The department’s MRAP, which Lewis said came from Texarkana, has been used in multiple barricaded subject calls and played a pivotal role in rescue efforts in the area during Hurricane Harvey.
“This is our SWAT vehicle, if it’s needed for that, but we don’t have another tactical vehicle,” said Lewis, who added that the vehicle has helped the department bond more closely with the public since it takes part in community events.
He said that his department has not accepted any equipment through the 1033 program since 2017 because it simply has not needed what was made available by the federal government.
Lewis did concede, however, that not all law enforcement entities are as particular as his.
“There are some agencies that take advantage of the property being available, and they’ll take it and stockpile it in hopes that they may need it in the future. We are not one of those agencies. We identify a need and find the equipment that we need through the 1033 program,” said Lewis.
The San Marcos Police Department is by far the biggest participant in the 1033 program in the San Antonio area, receiving more than $2.8 million in equipment from the DoD.
The items include a $733,000 MRAP, night vision scopes, thermal imaging equipment and a digital video camera system.
While SMPD shared media files of its MRAP in use, it was among the law enforcement agencies that declined interview requests from KSAT Investigates to discuss how the ex-military assets are utilized.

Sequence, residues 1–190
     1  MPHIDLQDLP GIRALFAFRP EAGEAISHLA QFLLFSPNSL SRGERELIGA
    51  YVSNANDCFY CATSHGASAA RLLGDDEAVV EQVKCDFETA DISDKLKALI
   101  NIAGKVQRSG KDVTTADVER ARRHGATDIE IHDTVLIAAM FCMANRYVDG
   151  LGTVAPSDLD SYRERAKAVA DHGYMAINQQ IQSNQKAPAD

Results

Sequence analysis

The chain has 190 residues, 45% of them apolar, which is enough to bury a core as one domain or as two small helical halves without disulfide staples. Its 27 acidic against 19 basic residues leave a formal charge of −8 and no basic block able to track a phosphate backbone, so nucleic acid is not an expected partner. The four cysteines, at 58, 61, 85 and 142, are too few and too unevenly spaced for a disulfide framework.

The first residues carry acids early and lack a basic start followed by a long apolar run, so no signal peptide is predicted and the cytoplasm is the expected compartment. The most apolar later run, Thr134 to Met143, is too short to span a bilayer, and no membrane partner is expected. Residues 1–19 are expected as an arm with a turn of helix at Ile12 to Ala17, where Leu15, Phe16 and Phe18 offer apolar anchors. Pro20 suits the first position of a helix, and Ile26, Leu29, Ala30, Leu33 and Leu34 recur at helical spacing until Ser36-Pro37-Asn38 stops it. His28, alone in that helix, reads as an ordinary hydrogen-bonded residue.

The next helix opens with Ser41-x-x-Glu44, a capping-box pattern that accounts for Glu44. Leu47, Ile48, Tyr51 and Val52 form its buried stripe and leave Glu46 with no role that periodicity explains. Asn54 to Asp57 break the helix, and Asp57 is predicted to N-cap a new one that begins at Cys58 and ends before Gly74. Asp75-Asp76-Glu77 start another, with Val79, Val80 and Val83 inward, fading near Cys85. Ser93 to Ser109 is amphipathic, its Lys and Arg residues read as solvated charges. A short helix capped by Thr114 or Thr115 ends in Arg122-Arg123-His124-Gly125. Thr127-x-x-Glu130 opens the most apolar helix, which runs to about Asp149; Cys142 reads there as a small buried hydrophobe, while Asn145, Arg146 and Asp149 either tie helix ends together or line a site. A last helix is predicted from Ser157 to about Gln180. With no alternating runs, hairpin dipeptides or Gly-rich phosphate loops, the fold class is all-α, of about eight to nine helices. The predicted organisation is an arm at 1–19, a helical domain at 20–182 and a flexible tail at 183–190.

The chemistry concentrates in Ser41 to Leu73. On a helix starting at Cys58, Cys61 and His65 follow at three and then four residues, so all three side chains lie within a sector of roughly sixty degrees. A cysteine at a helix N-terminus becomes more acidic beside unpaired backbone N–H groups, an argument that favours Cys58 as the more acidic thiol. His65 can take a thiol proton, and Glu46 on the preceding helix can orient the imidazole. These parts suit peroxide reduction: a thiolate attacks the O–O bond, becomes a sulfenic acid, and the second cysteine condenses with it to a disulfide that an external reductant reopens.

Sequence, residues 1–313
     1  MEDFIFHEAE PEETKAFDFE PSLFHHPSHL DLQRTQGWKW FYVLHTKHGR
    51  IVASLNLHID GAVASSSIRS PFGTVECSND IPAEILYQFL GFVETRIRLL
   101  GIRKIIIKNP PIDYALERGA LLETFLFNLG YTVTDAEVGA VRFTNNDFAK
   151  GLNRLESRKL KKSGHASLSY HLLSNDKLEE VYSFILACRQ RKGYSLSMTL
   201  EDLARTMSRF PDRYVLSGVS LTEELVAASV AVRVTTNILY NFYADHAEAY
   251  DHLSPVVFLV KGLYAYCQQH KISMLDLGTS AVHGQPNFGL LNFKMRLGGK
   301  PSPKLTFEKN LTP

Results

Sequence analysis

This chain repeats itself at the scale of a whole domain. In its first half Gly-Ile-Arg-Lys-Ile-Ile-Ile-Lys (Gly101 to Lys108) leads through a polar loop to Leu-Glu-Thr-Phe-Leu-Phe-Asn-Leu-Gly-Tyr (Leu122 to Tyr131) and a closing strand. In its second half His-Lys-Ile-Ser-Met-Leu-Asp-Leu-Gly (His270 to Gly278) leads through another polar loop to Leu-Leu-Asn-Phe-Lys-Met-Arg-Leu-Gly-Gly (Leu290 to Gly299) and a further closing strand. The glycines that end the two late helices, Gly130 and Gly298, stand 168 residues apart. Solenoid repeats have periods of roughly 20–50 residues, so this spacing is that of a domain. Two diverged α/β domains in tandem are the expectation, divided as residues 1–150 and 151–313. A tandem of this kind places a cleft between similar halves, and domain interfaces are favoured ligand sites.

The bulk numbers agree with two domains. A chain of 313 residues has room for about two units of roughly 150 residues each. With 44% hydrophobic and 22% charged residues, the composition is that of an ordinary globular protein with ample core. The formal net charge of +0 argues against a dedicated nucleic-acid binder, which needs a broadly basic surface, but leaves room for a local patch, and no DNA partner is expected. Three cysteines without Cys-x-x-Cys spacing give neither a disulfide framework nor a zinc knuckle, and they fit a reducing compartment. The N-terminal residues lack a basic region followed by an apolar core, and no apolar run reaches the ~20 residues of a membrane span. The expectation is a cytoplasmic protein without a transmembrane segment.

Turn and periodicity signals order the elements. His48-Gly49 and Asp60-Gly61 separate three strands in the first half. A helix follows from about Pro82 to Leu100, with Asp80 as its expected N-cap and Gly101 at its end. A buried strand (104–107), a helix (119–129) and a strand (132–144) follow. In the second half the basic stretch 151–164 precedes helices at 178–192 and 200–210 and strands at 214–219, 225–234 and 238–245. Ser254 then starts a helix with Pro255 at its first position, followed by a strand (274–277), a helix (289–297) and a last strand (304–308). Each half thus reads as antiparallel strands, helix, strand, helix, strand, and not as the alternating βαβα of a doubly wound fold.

An SMPD spokeswoman, in a written statement, said the MRAP is used as a rescue vehicle and has no offensive capabilities, meaning it is not used as an attack vehicle.
Boerne Police officials also declined an on-camera interview request regarding its MRAP, which it acquired in 2014.
Instead, in a written statement, a city spokesperson said:
“The MRAP has been a vital tool in our department since receiving it in 2014. On multiple occasions, our partners in Kendall County have requested it be placed on standby during emergency calls. Luckily, the situations were able to be resolved before full deployment. On two separate occasions, the vehicle has also been deployed to rescue Boerne and Comfort-area residents trapped inside their home during flash flooding events. Given our geographical location and potential response time from other agencies the vehicle provides our officers with the necessary tools they need to serve the residents of Boerne most effectively during a potentially high-risk emergency situation.”
A spokeswoman for the Schertz Police Department said the agency is now looking for alternative ways to acquire specialized equipment instead of utilizing the 1033 program.